Samuel Blanchard was born in Goodworth Clatford, England, he was baptized on August 6, 1629. He was the fifth child of seven, and one of four that lived to adulthood. His mother died in 1636, when he was only seven, and it is very probable that he had seen one or more of his siblings die at a very early age. In other words, he was at a young age, as most people of that time, no stranger to sickness and death.
coming to america
When Samuel was ten years old his father Thomas Blanchard of Goodworth Clatford and his second wife Agnes Bent uprooted the family from their home in England to travel to the Massachusetts Bay Colony. The Blanchard family, as well as the family of Samuel's stepmother, Agnes Bent Barnes Blanchard, made their way from Andover down to London, where they spent about a month preparing for the trip. The crossing of the Atlantic Ocean in a tiny wooden ship must have been a terrifying and miserable experience. Samuel's new step mother died, supposedly only 15 days after setting sail, his half sibling, possibly baby Agnes born in 1638, died and his step grandmother, Agnes Bent, was ill the entire journey. Thomas Blanchard cared for Agnes the entire trip but she died the day they sailed into Boston Harbor. This was not an auspicious beginning to their new life.
After arriving in the Colony Samuel's father moved several times before eventually settling down in what was then Charlestown but today is part of Malden. The family unit consisted of his father, his fathers third wife and brothers George, Nathaniel, Thomas Jr. and Samuel. Because the colonial government frowned on single men living alone, Samuel more than likely lived in the family home until after his marriage on Jan 3 1655 to Mary Sweetser. Mary was the daughter of Seth and Bethia Cooke Sweetser of Tring, England. She came to Charlestown as a small child as well.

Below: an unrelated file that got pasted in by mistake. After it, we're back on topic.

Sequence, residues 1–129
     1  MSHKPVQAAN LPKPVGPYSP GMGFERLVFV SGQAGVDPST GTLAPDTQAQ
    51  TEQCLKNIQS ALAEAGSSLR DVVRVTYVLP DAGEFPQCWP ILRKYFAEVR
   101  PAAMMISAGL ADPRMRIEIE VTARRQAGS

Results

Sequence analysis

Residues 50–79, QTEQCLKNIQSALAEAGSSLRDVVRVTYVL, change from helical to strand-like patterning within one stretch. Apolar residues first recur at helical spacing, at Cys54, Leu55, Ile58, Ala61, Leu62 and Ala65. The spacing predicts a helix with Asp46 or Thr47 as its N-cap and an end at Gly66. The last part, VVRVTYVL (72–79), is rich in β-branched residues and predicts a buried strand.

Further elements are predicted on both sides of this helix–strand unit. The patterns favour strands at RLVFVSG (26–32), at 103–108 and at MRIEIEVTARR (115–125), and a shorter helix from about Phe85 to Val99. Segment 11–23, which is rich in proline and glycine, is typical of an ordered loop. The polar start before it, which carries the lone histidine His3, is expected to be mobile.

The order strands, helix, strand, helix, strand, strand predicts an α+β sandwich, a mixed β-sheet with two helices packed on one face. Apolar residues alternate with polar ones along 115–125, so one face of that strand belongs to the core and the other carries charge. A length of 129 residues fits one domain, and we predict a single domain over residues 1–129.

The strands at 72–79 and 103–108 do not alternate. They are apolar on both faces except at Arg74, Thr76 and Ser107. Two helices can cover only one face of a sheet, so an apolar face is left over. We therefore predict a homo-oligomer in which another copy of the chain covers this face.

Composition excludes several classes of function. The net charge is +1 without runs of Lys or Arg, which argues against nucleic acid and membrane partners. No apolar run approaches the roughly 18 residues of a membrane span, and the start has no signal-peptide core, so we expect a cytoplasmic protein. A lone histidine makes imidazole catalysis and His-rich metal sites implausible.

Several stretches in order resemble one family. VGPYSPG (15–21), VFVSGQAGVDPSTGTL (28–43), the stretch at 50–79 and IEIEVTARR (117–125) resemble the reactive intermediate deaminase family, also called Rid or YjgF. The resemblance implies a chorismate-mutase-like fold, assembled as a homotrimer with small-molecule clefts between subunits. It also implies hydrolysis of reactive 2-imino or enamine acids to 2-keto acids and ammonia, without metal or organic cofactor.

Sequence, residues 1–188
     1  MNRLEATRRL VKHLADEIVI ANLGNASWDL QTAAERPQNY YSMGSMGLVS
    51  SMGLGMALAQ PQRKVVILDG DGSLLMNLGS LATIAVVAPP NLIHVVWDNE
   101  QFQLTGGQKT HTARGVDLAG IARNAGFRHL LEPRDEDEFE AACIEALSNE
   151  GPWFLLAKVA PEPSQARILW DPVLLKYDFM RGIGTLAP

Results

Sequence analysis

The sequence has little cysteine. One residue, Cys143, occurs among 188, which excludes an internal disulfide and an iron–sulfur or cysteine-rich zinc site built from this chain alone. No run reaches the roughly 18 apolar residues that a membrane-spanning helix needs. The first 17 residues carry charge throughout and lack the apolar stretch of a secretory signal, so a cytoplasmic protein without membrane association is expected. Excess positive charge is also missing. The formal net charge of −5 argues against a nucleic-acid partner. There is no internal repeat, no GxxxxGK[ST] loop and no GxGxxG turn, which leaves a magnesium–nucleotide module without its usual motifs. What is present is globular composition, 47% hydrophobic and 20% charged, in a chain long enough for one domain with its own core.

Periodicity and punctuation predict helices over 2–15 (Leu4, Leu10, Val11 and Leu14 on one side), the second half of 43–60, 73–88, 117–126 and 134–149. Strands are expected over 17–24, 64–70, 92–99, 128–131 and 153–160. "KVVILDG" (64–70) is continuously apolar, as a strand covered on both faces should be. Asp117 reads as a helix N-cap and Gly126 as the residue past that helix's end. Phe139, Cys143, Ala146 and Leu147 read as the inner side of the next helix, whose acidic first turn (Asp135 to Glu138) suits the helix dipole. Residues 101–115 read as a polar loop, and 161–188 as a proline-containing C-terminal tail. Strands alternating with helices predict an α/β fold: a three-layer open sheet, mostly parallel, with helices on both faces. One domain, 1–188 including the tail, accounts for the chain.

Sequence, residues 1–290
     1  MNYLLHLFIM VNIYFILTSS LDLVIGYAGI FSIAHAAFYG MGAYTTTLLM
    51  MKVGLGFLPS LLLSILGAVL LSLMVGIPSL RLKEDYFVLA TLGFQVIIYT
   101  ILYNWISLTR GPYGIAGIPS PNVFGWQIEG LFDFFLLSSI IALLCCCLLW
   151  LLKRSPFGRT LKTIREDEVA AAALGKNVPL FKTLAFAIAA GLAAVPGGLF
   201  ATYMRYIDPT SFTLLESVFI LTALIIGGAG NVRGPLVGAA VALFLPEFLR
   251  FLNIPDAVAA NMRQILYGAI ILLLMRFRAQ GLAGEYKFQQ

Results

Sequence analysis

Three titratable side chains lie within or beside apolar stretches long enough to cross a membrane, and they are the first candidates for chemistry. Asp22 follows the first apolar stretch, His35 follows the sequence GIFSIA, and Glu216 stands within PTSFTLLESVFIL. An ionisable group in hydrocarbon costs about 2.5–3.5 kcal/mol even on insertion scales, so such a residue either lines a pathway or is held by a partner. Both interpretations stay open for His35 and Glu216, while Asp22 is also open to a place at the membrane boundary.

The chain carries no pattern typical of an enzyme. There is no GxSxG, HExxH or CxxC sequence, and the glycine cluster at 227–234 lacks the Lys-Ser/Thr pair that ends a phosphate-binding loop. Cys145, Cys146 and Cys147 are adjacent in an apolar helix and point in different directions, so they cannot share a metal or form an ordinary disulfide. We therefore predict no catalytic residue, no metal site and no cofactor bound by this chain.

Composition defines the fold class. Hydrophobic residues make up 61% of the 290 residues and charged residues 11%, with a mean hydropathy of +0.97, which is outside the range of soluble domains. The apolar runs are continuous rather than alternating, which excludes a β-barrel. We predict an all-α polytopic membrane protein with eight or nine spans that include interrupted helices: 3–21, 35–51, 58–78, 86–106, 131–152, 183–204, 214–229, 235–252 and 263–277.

Almost mirroring his parents, Mary and Samuel had six children before her early death, at the age of 33, on 20 Feb 1668. Their children, four of whom lived to adulthood, were all born at Charlestown were:
1. Samuel Jr. b. 29 Sept 1656 died 1678 in Charlestown of smallpox
2. Sarah b. 15 Feb 1657 died young
3. Mary b. 18 April 1659 m. John Stover d. 1704
4. Joshua b. 6 Aug 1661 d. 1716
5. Jonathan b. 25 May 1664 d. 1742 ancestor
6. Abigail b. 5 Mar 1667 d. 1732
remarriage and more children
Samuel remarried on 23 June 1673. His second wife was Hannah Daggett, she was born in Weymouth, MA in 1647. They had the following children:
Thomas b. 1674 b. Charlestown
John b. 1677 b. Charlestown
Samuel b. 1680 in Andover
Hannah b. 1681 in Andover
death of Thomas
Samuel's father, Thomas, died about six months before the marriage of Samuel to Mary Sweetser. In his will his father left Samuel L80 & all previous gifts, L30 to be paid in cattle & L10 in corn & L10 a year in cattle or corn for 4 years. The family farm was divided between his brothers. In 1657 Samuel bought several plots of land and bought about 40 acres of land from his brother Nathaniel. This was Nathaniel's half the land on Wilson's point left to him by their father. Samuel built a house on this land and farmed there for many years. When he finally left Charlestown he retained ownership of his land and his son Joshua remained on the property.